Find Out the Average Settlement Compensation You Can Expect for Rear-End, Head-On, Pedestrian, Drunk Driving, and Other Accident Types

Case Value By Type of Auto Accident

On this page, we will look at various types of auto accidents (rear-end, head-on, pedestrian, tractor-trailer, highway, etc.) and the average settlement value for each accident type. Accident type is never really a major driving force behind the settlement value of an auto tort case. Certain types of injuries like a broken arm are going to have the same value whether they happen in a rear-end collision or pedestrian accident.

With other types of injuries, however, accident type actually does matter. When the case involves questionable injuries (e.g., soft tissue or back sprains) the insurance companies factor accident type into their settlement formulas. So the settlement value of a neck sprain will vary somewhat from a rear-end accident vs. a head-on collision.


Pedestrian Accidents
Rear end accidents


Rear-end collisions are the most common type of auto accident. According to the NHTSA, rear-end collisions accounts for over 30% of all 2-vehicle accidents. Rear-end accidents have the lowest average settlement value of any accident type across all injury levels. The primary reason for this is because a large percentage of rear-end collisions are classified as “low impact” accidents in which you see more soft tissue whiplash injuries. They occur at lower speeds and both cars are typically moving the same direction, so the force of the impact is generally much lower.

Insurance companies tend to view all rear-end accidents as minor fender benders. If you are seeking compensation for any type of soft tissue or whiplash injury that is not clearly and unquestionably the result of the accident, expect significant resistance from the insurance adjuster. Rear-end accidents are given consistently lower average settlement payouts by insurance companies.


Head-on accidents include any direct, frontal collision between vehicles traveling in opposite directions. Head-on accidents often involve violent, high-impact collisions and are therefore some of the most dangerous types of accidents. Head-on accidents between 2-vehicles are relatively rare, accounting for under 3% of all auto accidents.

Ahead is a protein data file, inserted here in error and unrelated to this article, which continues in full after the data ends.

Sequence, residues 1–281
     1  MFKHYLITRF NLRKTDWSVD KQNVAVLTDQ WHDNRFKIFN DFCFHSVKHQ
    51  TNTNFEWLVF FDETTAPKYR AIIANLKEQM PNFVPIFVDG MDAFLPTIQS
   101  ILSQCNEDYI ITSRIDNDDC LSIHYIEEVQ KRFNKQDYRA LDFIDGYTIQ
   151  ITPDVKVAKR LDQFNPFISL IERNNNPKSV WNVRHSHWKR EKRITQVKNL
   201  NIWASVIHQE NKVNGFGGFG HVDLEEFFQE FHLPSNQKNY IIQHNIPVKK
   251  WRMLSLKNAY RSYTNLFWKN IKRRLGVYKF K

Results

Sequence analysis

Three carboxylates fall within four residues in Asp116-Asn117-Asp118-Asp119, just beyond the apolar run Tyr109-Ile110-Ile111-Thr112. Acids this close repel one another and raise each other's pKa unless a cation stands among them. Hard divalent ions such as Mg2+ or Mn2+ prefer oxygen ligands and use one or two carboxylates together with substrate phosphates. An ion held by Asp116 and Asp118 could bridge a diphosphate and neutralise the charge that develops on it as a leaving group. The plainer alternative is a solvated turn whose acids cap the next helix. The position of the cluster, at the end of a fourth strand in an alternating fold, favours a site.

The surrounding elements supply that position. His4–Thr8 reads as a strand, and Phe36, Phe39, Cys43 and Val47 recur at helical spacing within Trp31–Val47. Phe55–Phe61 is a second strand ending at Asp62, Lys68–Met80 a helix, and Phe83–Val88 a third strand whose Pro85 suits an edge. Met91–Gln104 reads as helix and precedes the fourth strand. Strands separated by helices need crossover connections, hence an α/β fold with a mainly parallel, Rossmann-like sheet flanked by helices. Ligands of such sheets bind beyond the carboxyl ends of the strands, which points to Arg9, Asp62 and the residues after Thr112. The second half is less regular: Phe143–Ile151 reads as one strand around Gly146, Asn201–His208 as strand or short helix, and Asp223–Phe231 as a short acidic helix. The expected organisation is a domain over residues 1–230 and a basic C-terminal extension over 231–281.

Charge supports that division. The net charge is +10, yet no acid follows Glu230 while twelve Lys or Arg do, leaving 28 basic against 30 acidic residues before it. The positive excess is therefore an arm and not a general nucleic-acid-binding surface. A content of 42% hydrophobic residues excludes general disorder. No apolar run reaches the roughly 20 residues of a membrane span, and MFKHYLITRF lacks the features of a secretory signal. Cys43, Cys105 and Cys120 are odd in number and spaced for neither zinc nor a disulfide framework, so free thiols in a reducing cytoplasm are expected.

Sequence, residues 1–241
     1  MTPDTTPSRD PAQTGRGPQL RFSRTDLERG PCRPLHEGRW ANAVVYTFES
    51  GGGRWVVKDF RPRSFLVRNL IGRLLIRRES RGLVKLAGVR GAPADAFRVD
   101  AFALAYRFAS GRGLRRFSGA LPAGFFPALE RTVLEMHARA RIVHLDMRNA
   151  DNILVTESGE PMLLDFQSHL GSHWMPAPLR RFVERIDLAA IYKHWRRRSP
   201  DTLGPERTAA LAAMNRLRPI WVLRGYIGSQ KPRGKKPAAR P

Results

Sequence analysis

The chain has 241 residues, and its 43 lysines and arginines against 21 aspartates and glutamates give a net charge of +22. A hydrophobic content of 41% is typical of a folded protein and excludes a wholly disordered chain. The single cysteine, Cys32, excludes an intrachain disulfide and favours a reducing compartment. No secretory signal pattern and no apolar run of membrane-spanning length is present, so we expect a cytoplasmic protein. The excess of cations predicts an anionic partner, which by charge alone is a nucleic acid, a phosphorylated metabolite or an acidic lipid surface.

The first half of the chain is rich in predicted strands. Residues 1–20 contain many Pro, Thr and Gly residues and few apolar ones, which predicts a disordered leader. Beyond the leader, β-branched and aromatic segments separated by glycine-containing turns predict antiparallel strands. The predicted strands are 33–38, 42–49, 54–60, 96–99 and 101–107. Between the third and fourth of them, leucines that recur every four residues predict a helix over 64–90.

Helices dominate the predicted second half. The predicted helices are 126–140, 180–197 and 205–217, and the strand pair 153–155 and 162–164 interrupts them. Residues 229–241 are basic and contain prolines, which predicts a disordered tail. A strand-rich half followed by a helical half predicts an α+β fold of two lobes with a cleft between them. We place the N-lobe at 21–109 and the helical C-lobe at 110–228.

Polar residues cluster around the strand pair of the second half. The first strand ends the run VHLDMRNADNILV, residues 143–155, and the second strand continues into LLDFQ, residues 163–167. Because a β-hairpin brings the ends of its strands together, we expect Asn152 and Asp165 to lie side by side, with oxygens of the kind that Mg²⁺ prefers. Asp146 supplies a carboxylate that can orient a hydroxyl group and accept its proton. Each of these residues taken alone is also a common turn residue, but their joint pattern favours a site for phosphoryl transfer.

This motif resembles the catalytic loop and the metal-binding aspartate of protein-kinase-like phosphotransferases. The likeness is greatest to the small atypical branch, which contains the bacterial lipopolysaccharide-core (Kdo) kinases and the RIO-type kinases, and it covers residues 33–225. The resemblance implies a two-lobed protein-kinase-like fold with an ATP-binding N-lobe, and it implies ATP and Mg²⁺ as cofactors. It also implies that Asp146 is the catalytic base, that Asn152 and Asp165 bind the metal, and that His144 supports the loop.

Head-on accidents have a very high average settlement value compared to other accident types. Insurance companies do not devalue injuries in head-on collisions in the same way they do with rear-end accidents. As a result, average values for head-on collisions are at the high end of the valuation range based on injury level.

Side Impact Accidents


Side impact accidents include any 2-vehicle collision in which the primary point of impact is on the side of the vehicle (as opposed to the front or back). This includes so-called “T-bone” collisions in which the front of one car rams into the side of the other car. It also includes sideswipe accidents (usually seen in lane changes) where both impact points on are the side of the vehicles.

Side impact accidents are the most dangerous accident type. Side impact accidents account for 21% of all traffic fatalities. This is twice as high as any other type of accident. The reason side impact accidents are so potentially dangerous is simply a result of the way vehicles are designed. The side of any vehicle offers its occupants the least amount of protection from any impact. The front and back of a car can absorb an impact and protect anyone inside the vehicle. The side of a vehicle offers none of this protection.

Classification as a side impact accident generally will not have any impact on how the insurance company values the case for settlement.

Pedestrian Accidents


A pedestrian accident occurs when a vehicle hits someone who is on foot or riding a bike, skateboard, scooter or any other non-motorized vehicle. Pedestrian accidents are a unique category because the pedestrian is completely unprotected and vulnerable to very serious injury or death from the vehicle. Death or serious injuries to pedestrians are common even at very low speeds.